• Hayes et al: Reliability of five methods for assessing shoulder range of motion Table 2. Intra-rater reliability and standard error of the measurement for five methods of assessing shoulder range of motion. Mean± SD, (range) ICC (Rho) 95% CI of ICC SEM 95% CI Visual estimation Flexion 143±21, (100 – 170)º 0.59 0.28 – 0.85 13º ±26º Abduction 135±33, (70 – 170)º 0.60 0.30 – 0.86 21º ±42º External rotation 47±19, (10 – 80)º 0.67 0.38 – 0.89 11º ±22º Goniometry Flexion 135±26, (77 – 165)º 0.53 0.21 – 0.82 17º ±34º Abduction 129±35, (56 – 170)º 0.58 0.27 – 0.85 23º ±46º External rotation 41±23, (0 – 80)º 0.65 0.36 – 0.88 14º ±28º Still photography Flexion 128±28, (63 – 168)º 0.56 0.24 – 0.84 19º ±38º Abduction 131±35, (57 – 170)º 0.61 0.31 – 0.86 22º ±44º External rotation 48±21, (7 – 79)º 0.60 0.30 – 0.86 13º ±26º Stand and reach 39±19, (-22 – 59)cm 0.49 0.18 – 0.80 13cm ±26cm Hand behind back (vertebral level)(cm) T9±2, (T6 – S1) 0.14 -0.11 – 0.55 2 ±4 25±7, (15 – 39)cm 0.39 0.08 – 0.75 6cm ±12cm Intra-rater reliability and standard error of the measurement for five methods of assessing shoulder range of motion. Each test was performed on nine subjects, on three occasions by a single trained rater. Intra-class correlation coefficients (Rho) were calculated using a two-way mixed effect model. Mean, standard deviation and range of scores were calculated from the raw data. (SD = standard deviation, ICC = intra-class correlation coefficient, CI = confidence interval, SEM = standard error of the measurement). For the movements of flexion, abduction and external Standard error of the measurement The standard error of rotation, agreement between the four raters was fair-good the measurement is a measure of discrepancy (error) as assessed by visual estimation (Rho = 0.70, Rho = 0.66, between repeated scores. For the inter-rater trial, the Rho = 0.57), goniometry (Rho = 0.69, Rho = 0.69, Rho = standard error of the measurement represents the extent of 0.64) and still photography (Rho = 0.73, Rho = 0.73, Rho error associated with different raters’ scores. For the intra- = 0.62). Fair-good reliability was also demonstrated for the rater trial, the standard error of the measurement represents stand and reach test (Rho = 0.74). For the movement of the extent of error associated with retesting. The hand behind back, measured passively to the vertebral confidence interval of the measurement represents the level, and as an active reach, agreement between the four smallest difference attributable to status change, as distinct raters was poor (Rho = 0.26, Rho = 0.39). from measurement error (95% probability). Intra-rater reliability trial The intra-rater intra-class Inter-rater reliability trial The standard error of the correlation coefficients (Rho) for each movement tested measurement (SEM) together with the mean, standard with each of the range of motion tests are displayed in deviation and range of scores for each movement tested Table 2. with each of the range of motion tests, are displayed in Table 1. For the movements of flexion, abduction and external rotation, agreement between the three ratings was fair-good For the movements of flexion, abduction and external as assessed by visual estimation (Rho = 0.59, Rho = 0.60, rotation, the standard error of the measurement ranged from Rho = 0.67), goniometry (Rho = 0.53, Rho = 0.58, Rho = 14-19 degrees for visual estimation, 14-25 degrees for 0.65) and still photography (Rho = 0.56, Rho = 0.61, Rho goniometry, and 15-23 degrees for still photography. For the = 0.60). Fair-good intra-rater reliability was also stand and reach test, the standard error of the measurement demonstrated for the stand and reach test (Rho = 0.49). For was three centimetres. For the movement of hand behind the movement of hand behind back, measured passively to back, measured passively to the vertebral level, and as an the vertebral level, and as an active reach, intra-rater active reach, the standard error of measurement was two agreement was poor (Rho = 0.14, Rho = 0.39). vertebral levels, and six centimetres respectively. 292 Australian Journal of Physiotherapy 2001 Vol. 47
    • Hayes et al: Reliability of five methods for assessing shoulder range of motion Intra-rater reliability trial For the movements of flexion, ± 28-50 degrees; still photography = ± 30- 6 degrees) and abduction and external rotation, the standard error of the the intra-rater trial (visual estimation = ± 22-42 degrees, measurement ranged from 11-21 degrees for visual goniometry = ± 28-46 degrees; still photography = estimation, 14-23 degrees for goniometry, and 13-22 ± 26-44 degrees). On the basis of this data, large degrees for still photography. For the stand and reach test, differences in repeated scores are therefore prerequisite the standard error of the measurement was 13 centimetres. when using these tests to assess actual change in clinical For the movement of hand behind back, measured passively status. to the vertebral level, and as an active reach, the standard error of measurement was two vertebral levels, and six We evaluated the stand and reach test as it is a functional centimetres, respectively. movement of practical importance. The results of this study demonstrated fair to good reliability for the stand and reach Discussion test (inter-rater Rho = 0.74; intra-rater Rho = 0.49). Interestingly, this test was associated with a smaller standard measurement error for the inter-rater trial (3cm) The results of this study demonstrated fair-good reliability than for the intra-rater trial (13cm). for visual estimation, goniometry, still photography and the stand and reach test for the movements of shoulder flexion, Poor reliability was demonstrated for both hand behind abduction, external rotation and overhead reach in patients back tests for both the inter-rater trial (Rho = 0.26 for with a variety of orthopaedic shoulder disorders (rotator passive hand behind back; Rho = 0.39 for active reach ) and cuff repair, adhesive capsulitis and scapulothoracic fusion) the intra-rater trial (Rho = 0.14 for passive hand behind when assessed by either an individual trained measurer or back; Rho = 0.39 for active reach). These findings may be by a number of trained measurers. Hand behind back, a reflection of the complexity of the movement itself. To whether tested passively or as an active reach, was found to effect the manoeuvre, contributions to range of motion are be the least reliable movement of this study. required from the shoulder complex, elbow, forearm, wrist and hand. Alternatively, the lower reliability associated Williams and Callaghan (1990) have shown that in the with this movement may reflect an attenuated range of normal shoulder, visual estimation when employed by an available scores. In the presence of certain shoulder joint experienced clinician permits measurements that are as pathologies, hand behind back range of motion is reliable as those obtained with a mechanical goniometer. frequently diminished (Murrell and Walton 2001). There Using one asymptomatic subject, Low (1976) showed that was a standard measurement error of two vertebral levels examiners from various clinical backgrounds were more for passive hand behind back and six centimetres for active consistent in measuring full elbow flexion and full wrist hand behind back reach for both the inter-rater and intra- extension positions with a goniometer than by estimating rater trials. Hand behind back range of motion is of the same angles by eye. While there is some evidence to functional importance and one that warrants further suggest that the goniometer can be used reliably for reliability testing. measuring certain shoulder joint movements (Boone et al 1978), studies of the shoulder in symptomatic patients are The intention of this study was not to compare the limited. In a comprehensive evaluation of passive shoulder reliability of active and passive range of motion tests for range of motion in symptomatic subjects, Riddle (1987) the shoulder joint, in symptomatic subjects. Rather, this reported variable results (Rho = 0.26-0.90 inter-rater; study established the reliability and measurement error of Rho = 0.87-0.99 intra-rater). The results of this study five range of motion tests currently performed in clinical showed comparable reliability for visual estimation and practice. goniometry for both the inter-rater (visual estimation Rho = 0.57–0.70; goniometry Rho = 0.64–0.69) and the Both the inter-rater and intra-rater trials were conducted intra-rater (visual estimation Rho = 0.59–0.67; goniometry over a relatively short timeframe. The reliability of these Rho = 0.53– 0.65) trials. methods for longer reassessment timeframes requires that the raters do not change their technique. This study did not Photographic procedures have been shown by Fish and establish the reliability of shoulder range of motion Wingate (1985) to be more reliable than goniometry for assessments over time. measurements of elbow joint position in an asymptomatic subject. In the present study, all movements measured by Estimates of measurement reliability are applicable to the still photography (active range of motion) demonstrated range of test scores and to the conditions of assessment. fair-good reliability for both the inter-rater trial (flexion The mean values obtained for flexion, abduction and Rho = 0.73, abduction Rho = 0.73, external rotation external rotation, for the inter-rater and intra-rater trials Rho = 0.62) and the intra-rater trial (flexion Rho = 0.56, (Table 1, 2) show that most subjects obtained scores for abduction Rho = 0.61, external rotation Rho = 0.60). In these movements in the upper ranges of motion. We did not general, comparable reliability and measurement error was determine the reliability of these tests for scores measured demonstrated for visual estimation, goniometry, and still primarily in the lower ranges of motion. photography. Of note, large confidence intervals were associated with these same tests for the inter-rater trial In summary, fair to good reliability was demonstrated for (visual estimation = ± 28-38 degrees; goniometry = three shoulder movements assessed by visual estimation, Australian Journal of Physiotherapy 2001 Vol. 47 293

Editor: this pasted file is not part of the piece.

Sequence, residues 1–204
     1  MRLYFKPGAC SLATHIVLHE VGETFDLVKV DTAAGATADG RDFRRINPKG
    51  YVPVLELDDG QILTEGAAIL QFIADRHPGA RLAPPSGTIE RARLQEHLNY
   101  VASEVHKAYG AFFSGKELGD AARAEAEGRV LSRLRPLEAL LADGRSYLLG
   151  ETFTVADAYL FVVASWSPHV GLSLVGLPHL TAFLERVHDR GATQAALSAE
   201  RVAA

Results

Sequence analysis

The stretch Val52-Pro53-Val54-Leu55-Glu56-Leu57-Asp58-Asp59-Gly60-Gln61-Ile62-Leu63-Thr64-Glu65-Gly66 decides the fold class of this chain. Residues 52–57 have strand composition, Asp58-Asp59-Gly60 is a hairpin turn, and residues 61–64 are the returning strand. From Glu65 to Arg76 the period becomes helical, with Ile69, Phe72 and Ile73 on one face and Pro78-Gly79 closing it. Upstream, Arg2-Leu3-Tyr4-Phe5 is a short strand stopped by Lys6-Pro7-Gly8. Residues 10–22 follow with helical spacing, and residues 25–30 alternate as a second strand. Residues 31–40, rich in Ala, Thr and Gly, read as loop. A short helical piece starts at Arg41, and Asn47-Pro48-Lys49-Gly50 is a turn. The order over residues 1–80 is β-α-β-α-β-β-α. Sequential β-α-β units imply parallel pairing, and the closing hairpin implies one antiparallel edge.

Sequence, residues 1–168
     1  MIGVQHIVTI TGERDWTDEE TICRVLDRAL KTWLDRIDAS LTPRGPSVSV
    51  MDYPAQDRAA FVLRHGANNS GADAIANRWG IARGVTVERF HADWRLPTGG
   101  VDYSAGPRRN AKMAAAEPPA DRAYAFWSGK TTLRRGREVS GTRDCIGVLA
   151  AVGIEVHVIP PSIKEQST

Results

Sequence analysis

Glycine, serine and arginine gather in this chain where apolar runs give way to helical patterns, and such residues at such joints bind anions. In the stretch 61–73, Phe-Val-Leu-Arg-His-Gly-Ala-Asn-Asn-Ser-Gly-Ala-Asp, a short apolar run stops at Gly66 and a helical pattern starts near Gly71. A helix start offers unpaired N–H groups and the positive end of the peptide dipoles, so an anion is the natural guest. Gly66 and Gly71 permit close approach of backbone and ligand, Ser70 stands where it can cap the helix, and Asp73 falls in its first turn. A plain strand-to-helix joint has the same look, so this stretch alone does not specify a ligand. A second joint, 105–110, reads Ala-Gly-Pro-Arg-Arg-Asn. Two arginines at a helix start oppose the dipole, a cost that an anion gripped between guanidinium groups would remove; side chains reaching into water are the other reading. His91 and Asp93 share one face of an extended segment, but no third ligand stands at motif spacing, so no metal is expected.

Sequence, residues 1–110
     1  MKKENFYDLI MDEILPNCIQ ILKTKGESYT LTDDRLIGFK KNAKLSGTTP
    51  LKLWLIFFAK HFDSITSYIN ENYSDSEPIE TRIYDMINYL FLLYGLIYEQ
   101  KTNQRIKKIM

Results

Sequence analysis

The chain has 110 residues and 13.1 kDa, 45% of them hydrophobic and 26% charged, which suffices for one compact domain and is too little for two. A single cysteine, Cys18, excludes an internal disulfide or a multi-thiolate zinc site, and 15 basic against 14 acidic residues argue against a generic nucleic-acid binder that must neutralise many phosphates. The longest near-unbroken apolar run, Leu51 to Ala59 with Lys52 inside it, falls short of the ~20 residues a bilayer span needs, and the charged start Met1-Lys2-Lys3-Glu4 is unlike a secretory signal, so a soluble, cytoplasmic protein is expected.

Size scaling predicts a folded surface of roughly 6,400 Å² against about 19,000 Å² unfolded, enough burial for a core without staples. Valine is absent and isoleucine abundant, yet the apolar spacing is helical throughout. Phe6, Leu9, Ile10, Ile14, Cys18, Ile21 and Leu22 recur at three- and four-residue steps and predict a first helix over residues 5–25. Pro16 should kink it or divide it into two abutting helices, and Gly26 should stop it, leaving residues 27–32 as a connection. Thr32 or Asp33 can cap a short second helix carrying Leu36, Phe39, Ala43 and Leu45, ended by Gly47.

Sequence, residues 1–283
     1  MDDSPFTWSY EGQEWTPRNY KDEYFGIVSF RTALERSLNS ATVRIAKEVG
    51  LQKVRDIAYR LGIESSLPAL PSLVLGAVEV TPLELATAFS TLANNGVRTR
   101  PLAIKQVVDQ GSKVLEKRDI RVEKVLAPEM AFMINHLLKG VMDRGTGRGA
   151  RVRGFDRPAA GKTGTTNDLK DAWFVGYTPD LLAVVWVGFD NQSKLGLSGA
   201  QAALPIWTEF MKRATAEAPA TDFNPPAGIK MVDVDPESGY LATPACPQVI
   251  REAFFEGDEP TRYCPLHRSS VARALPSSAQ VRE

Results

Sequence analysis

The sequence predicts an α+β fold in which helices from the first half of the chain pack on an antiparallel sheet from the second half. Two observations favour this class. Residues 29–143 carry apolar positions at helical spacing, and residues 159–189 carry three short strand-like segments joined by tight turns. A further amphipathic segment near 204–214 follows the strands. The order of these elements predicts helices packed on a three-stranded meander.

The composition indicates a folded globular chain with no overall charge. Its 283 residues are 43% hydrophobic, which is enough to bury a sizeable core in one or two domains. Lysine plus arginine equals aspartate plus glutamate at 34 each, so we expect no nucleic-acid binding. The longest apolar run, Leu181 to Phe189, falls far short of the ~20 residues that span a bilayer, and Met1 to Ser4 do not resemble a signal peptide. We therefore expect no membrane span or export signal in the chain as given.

• Hayes et al: Reliability of five methods for assessing shoulder range of motion goniometry and still photography for both the inter-rater Fleiss JL (1986), cited in Delitto A and Strube MJ (1991): and intra-rater trials. Standard measurement errors in the Reliability in the clinical setting. American Physical range of 14–25 degrees for the inter-rater trial, and 11–23 Therapy Association Research Section Newsletter degrees for the inter-rater trial for these three tests 24: 2-8. highlighted considerable variation in the precision Harris SR, Smith LH and Krukowski L (1985): Goniometric associated with range of motion testing of the shoulder reliability for a child with spastic quadriplegia. Journal of joint in symptomatic subjects. Paediatric Orthopaedics 5: 348-351. Hellebrandt FA, Duvall EN and Moore ML (1949): The Acknowledgments The authors wish to thank the patients measurement of joint motion. Part 3. Physical Therapy and clinicians (Larry Bryant, Kim Wade and Sophia Short) Review 29: 302-307. who assisted in this study. We also thank Karen Ginn and Low JL (1976): The reliability of joint measurement. acknowledge the support of St George Private Physiotherapy 62: 227-229. Hospital/Health Care of Australia and the St George and Sutherland Hospitals, South Eastern Sydney Area Health Mayerson NH and Milano RA (1984): Goniometric measurement reliability in physical medicine. Archives of Service. The results of this study were presented at the Fifth Physical Medicine and Rehabilitation 65: 92-94. IOC World Congress on Sport Sciences, held in Sydney in 1998. Moore ML (1949): The measurement of joint motion. Part 1. Physical Therapy Review 29: 195-205. Authors George Murrell, Department of Orthopaedic Moore ML (1949): The measurement of joint motion. Part 2. Surgery, St George Hospital, Kogarah, New South Wales Physical Therapy Review 29: 256-264. 2217. E-mail: admin@ori.org.au (for correspondence). Murrell GAC and Walton J (2001): Diagnosis of rotator cuff Kimberley Hayes, Judie Walton, Zoltan Szomor, tears. Lancet 357:769-770. Department of Orthopaedic Surgery, St George Hospital, Kogarah, New South Wales 2217. Portney LG and Watkins MP (1993): Foundations of Clinical Research. Applications to Practice. Connecticut: Appleton & Lange. References Riddle DL, Rothstein JM and Lamb RL (1987): Goniometric reliability in a clinical setting. Physical Therapy Ashton BB, Pickles B and Roll JW (1978): Reliability of 67: 668-673. goniometric measurements of hip motion in spastic cerebral palsy. Developmental Medicine in Child Williams JG and Callaghan M (1990): Comparison of visual Neurology 20: 87-94. estimation and goniometry in determination of a shoulder joint angle. Physiotherapy 76: 655-657. Bartlett MD, Wolf LS, Mot DB, Shurtleff MD and Stahell LT (1985): Hip flexion contractures: A comparison of Yaffee RA (1998): Enhancement of reliability analysis: measurement methods. Archives of Physical Medicine application of intraclass correlations with SPSS/Windows and Rehabilitation 66: 620-625. v.8, http://www.nyu.edu/acf/socsci/Docs/intracls.html. Boone DC, Azen SP, Lin C, Spence C, Baron C and Lee L Youdas JW, Carey JR, Garrett TR and Suman VJ (1994): (1978): Reliability of goniometric measurements. Physical Reliability of goniometric measurements of active arm Therapy 58: 1355-1360. elevation in the scapular plane obtained in a clinical setting. Archives of Physical Medicine and Rehabilitation Clapper MP and Wolf SL (1988): Comparison of the 75:1137-1144. reliability of the orthoranger and the standard goniometer for assessing active lower extremity range of motion. Physical Therapy 68: 214-218. Fish DR and Wingate L (1985): Sources of goniometric error at the elbow. Physical Therapy 65: 1666-1670. 294 Australian Journal of Physiotherapy 2001 Vol. 47